The tale of John Edwards staffers looking to “sabotage” his campaign if it looked like he would win would make a good plot for a Richard Condon novel, but it smacks of operatives trying to make themselves look better, especially after Elizabeth Edwards’s revelations last week.
Think about the plausibility of this: these operatives were so disgusted by the behavior of Edwards that they continued to campaign for him. Then, over a year later, they tell a reporter their tale of being creeped out by this and their “secret plan” to scuttle the campaign should he look like he would be the nominee. This was supposed to be for the sake of the party. How a probable nominee’s campaign colapsing later in the year would be good for the party is unaddressed.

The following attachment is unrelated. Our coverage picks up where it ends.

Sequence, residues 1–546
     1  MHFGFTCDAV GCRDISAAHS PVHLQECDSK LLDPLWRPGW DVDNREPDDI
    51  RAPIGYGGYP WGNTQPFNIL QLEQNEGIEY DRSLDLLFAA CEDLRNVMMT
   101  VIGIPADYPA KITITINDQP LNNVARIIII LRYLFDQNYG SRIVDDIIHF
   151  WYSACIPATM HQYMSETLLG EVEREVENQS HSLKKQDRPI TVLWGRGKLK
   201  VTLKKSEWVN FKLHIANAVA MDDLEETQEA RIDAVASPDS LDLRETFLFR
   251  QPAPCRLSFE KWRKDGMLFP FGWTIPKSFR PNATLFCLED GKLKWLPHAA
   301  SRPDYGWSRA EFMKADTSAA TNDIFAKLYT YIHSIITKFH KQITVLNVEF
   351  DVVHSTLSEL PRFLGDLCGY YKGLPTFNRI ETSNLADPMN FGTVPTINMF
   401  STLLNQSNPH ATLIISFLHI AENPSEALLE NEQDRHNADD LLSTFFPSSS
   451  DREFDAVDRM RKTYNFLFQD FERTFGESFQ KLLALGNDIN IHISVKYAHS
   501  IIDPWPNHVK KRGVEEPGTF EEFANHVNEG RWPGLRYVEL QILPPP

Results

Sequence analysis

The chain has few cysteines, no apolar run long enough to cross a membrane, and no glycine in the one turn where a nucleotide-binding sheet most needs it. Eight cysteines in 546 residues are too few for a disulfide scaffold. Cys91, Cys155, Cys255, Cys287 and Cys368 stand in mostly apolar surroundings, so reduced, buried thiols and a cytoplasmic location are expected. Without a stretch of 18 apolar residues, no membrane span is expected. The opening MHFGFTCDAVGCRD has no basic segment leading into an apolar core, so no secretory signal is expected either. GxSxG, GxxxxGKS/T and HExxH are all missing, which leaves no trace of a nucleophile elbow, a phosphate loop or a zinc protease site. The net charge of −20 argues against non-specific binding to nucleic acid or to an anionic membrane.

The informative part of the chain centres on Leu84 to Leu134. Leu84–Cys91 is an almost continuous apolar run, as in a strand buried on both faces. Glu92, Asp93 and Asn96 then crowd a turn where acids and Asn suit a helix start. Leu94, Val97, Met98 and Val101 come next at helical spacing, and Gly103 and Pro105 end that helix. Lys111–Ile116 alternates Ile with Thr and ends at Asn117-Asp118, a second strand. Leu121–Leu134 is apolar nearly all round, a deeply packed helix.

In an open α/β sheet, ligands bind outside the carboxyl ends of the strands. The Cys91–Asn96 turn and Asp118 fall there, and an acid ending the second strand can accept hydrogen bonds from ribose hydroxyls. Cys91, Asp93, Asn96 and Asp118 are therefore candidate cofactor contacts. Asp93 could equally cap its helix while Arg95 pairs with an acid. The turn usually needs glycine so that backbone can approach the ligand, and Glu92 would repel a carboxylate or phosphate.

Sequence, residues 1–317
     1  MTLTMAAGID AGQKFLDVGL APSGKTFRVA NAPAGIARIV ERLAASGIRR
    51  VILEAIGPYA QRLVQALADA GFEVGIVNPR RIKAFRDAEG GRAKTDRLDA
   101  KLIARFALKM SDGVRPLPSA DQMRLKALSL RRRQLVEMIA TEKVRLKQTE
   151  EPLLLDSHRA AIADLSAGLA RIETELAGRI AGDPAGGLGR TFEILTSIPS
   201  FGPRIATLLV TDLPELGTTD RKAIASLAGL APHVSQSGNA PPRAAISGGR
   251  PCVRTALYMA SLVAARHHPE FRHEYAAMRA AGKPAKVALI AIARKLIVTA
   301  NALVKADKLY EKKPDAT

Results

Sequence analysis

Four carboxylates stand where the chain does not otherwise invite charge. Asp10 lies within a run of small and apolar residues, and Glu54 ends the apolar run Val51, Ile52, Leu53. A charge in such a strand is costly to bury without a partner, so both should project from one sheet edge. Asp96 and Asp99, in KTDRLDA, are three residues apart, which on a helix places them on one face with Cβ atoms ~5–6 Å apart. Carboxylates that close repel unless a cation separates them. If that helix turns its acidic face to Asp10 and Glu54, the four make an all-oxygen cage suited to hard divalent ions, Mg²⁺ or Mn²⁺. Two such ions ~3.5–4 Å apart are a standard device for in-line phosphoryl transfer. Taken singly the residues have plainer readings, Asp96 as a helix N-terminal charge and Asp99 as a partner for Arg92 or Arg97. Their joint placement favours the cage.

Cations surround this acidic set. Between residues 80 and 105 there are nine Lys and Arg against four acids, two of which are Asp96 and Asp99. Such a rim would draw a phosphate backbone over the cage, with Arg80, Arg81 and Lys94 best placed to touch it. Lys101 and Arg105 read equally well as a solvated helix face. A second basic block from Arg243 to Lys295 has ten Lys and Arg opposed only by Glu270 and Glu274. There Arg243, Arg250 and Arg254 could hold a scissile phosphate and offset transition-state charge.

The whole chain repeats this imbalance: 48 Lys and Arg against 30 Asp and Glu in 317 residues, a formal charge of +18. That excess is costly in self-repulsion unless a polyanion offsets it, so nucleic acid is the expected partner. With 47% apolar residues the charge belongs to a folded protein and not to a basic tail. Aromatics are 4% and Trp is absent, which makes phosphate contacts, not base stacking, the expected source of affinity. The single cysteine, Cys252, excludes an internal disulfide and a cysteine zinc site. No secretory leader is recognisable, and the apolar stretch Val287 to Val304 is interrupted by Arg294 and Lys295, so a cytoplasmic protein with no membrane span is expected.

This is all said anonymously, so no one can ask, why not just quit the campaign? Having several staffers quit may have scuttled the campaign back then. There were plenty of political jobs available at the time too; few competent operatives would have been unemployed for long.
Since the source of these tales is anonymous, it is impossible for the rest of us to evaluate whether or not the folks spinning this yarn were higher ups, staff or the volunteer that emptied the headquarters trash on alternate Thursdays. If this turns out to not be true, what does it say about the folks that peddled the story? Heck, for that matter, it doesn’t say much for the folks involved in the unlikely event that it turns out to be true either.